November 14, 2019

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Biopic compels but can't follow through

Tale of paralyzed cartoonist lacking despite director's sensitivity and star's commitment

Based on the true story of John Callahan — the Portland, Ore.-based cartoonist paralyzed from the neck down after a car crash at age 21, who kicked his alcoholism and started drawing — this unusual drama avoids almost all the clichés of the inspirational-biopic genre.

Movie review

Don’t Worry, He Won’t Get Far on Foot
Starring Joaquin Phoenix, Rooney Mara and Jonah Hill
McGillivray
14A
115 minutes
★★★1/2 stars

Don’t Worry, He Won’t Get Far on Foot
Starring Joaquin Phoenix, Rooney Mara and Jonah Hill
McGillivray
14A
115 minutes
★★★1/2 stars

Other voices

Leave it to filmmaker Gus Van Sant to make a film about a hopeless drunk who becomes a quadriplegic into a story that's funny, dark, sad, sweet and even sort of inspirational.

— Bruce DeMara, Toronto Star

A movie that's supposed to inspire winds up being irritating instead.

— Ann Hornaday, Washington Post

The film, loosely adapted from Callahan's life, is as divisive as his work, sure to be considered brutally funny by some and brutally insensitive by others.

— Colin Covert, Minneapolis Star Tribune

It's not convincing that Callahan's well-being is truly at stake. Yet the movie is vital, with a pleasantly loose-flowing tone and message that art and humour can mend the spirit.

— Anita Katz, San Francisco Examiner

Staggering between corny conventionality and zesty, upbeat weirdness, Don't Worry never fully acknowledges the cruelty and selfishness required to sustain a longtime habit.

— Jennette Catsoulis, New York Times

Still, director Gus Van Sant can’t quite match the sharp, dark, polarizing power of Callahan’s own work, which resolutely rejected the pity and forced sentimentality that sometimes surrounds disability. This is, after all, a guy who titled his autobiography Will the Real John Callahan Please Stand Up?

Van Sant (Gerry, Elephant, Last Days, Milk), whose indie work during the past 15 years or so has been uneven and unpredictable but often interesting, uses an impressionistic style in which sudden, vivid images and moments are loosely connected by a saggy story structure.

The film’s shape, such as it is, comes instead from an unsparing central performance by Joaquin Phoenix (The Master, Her, Irrational Man) and strong support from an eclectic ensemble cast.

We see John as a young man — and Phoenix may be incredible, but his range doesn’t quite extend to passing as a 21-year-old — sneaking some tequila on the way back from a morning liquor-mart run.

He drinks his way through a fuzzy day, and later runs into Dexter (Jack Black, in party mode). Their fateful, drunken night ends with them both stumbling into a car and Dexter hitting a tree at high spped.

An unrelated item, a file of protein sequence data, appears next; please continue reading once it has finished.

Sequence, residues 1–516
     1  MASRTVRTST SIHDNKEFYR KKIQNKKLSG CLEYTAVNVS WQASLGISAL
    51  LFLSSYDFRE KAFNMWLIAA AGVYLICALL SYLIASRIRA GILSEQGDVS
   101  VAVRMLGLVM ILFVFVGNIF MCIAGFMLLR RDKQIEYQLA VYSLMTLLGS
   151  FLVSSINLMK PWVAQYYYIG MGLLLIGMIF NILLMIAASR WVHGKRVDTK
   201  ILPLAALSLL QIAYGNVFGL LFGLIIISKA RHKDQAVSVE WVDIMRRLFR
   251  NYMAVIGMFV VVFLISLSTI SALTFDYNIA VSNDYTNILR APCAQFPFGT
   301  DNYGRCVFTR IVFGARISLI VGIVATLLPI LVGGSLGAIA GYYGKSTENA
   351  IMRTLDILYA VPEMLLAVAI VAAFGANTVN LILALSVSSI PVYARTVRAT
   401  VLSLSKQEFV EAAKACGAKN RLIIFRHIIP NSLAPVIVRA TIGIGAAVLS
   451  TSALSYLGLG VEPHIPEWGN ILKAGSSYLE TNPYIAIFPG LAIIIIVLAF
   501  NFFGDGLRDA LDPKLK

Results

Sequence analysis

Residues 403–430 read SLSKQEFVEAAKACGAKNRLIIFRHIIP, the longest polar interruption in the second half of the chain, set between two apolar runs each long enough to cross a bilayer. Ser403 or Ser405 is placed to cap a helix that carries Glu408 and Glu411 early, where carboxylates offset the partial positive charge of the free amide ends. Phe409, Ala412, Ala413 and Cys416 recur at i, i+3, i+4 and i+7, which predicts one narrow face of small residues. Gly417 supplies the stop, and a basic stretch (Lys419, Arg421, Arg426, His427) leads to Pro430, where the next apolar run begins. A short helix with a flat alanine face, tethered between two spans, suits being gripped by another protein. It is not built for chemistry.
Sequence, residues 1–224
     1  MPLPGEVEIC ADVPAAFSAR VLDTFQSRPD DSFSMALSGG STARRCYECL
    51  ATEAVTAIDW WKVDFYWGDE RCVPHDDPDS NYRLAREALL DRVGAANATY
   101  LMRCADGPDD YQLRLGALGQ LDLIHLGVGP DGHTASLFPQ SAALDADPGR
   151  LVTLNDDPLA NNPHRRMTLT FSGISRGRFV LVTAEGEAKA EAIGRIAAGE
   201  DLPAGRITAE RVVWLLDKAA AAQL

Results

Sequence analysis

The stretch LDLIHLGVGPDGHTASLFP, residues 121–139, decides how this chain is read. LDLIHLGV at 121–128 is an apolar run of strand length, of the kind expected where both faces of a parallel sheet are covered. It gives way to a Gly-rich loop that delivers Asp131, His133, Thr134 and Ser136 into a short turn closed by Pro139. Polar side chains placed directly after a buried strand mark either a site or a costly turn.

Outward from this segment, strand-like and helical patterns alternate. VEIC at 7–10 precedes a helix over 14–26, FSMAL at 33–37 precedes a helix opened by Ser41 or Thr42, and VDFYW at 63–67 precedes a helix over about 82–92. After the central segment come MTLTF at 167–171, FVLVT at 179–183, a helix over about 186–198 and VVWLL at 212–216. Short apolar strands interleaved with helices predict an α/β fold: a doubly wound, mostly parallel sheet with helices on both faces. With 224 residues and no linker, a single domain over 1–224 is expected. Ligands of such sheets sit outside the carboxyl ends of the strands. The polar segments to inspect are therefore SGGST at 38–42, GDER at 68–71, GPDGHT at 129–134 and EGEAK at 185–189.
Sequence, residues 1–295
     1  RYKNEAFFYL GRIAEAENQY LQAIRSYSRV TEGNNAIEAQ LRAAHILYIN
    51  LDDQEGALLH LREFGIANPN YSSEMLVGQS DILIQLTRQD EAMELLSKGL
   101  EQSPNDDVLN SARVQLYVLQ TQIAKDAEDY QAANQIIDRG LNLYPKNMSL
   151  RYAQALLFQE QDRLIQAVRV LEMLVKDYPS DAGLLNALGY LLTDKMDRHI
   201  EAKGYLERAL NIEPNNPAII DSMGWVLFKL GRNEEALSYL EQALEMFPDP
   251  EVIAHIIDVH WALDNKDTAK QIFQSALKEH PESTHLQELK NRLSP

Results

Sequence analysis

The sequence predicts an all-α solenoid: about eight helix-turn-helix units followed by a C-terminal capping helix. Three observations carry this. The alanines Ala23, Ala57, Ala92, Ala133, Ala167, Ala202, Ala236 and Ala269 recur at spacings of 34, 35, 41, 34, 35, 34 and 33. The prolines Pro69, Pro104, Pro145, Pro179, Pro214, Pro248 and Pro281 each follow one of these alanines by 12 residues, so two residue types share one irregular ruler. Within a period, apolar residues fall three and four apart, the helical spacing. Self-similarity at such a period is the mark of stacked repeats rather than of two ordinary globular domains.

Dexter walks away with a few bruises. John is left paralyzed from the neck down, with some limited movement in his arms.

Then, it’s rehabilitation and a squalid domestic setup with an erratic caregiver, which involves John with a medical establishment and social-assistance authorities who are portrayed as almost uniformly awful. One doctor sums up John as a "C5-C6," without even bothering to say his name.

Joaquin Phoenix (left) stars as paralyzed cartoonist John Callahan and Jonah Hill portrays Callahan's AA sponsor, Donnie. (Amazon Studio photos)

SUNDANCE INSTITUTE

Joaquin Phoenix (left) stars as paralyzed cartoonist John Callahan and Jonah Hill portrays Callahan's AA sponsor, Donnie. (Amazon Studio photos)

A low point comes when the wheelchair-bound John is left home alone with liquor bottles he can’t reach. Ultimately, he realizes that what’s keeping him from leading a full life is not his quadriplegia but his alcoholism.

He joins Alcoholics Anonymous and starts working the program, and the complicated back-and-forth of addiction and recovery makes for the most compelling section of the film.

John gets support from his girlfriend Annu (Rooney Mara). A composite character based on several women in Callahan’s life, she feels like a composite character. Donnie (Jonah Hill), on the other hand, John’s louche, wealthy AA sponsor, is unique.

Van Sant tracks some tricky dynamics as Donnie practises a particularly bitchy form of tough love with his group. These scenes are psychologically acute, and the participants are played by a fascinating bunch of actors, including Udo Kier, cultie muse of Andy Warhol and Guy Maddin; queer-punk musician Beth Ditto; and Kim Gordon, Sonic Youth star and all-round experimental icon, here playing a polished former trophy wife.

John, right, runs into Dexter (Jack Black) and their fateful drunken nights ends with a car crash.

SCOTT PATRICK GREEN / AMAZON STUDIOS / THE ASSOCIATED PRESS

John, right, runs into Dexter (Jack Black) and their fateful drunken nights ends with a car crash.

Meanwhile, John keeps drawing cartoons, viewed as hilarious by some and offensive by others, with a rough, edgy style that suits his subject matter.

Some of these drawings, brought to life in animated vignettes, add a little energy to John’s story, as do scenes in which he speeds around the sidewalks and streets of Portland in his motorized wheelchair, driving like a maniac.

Unfortunately, the film as a whole stalls out in the second half.

Van Sant’s approach is sensitive and Phoenix’s work is committed, but the invigorating anger of Callahan himself is lacking.

alison.gillmor@freepress.mb.ca

Alison Gillmor

Alison Gillmor
Writer

Studying at the University of Winnipeg and later Toronto’s York University, Alison Gillmor planned to become an art historian. She ended up catching the journalism bug when she started as visual arts reviewer at the Winnipeg Free Press in 1992.

Read full biography

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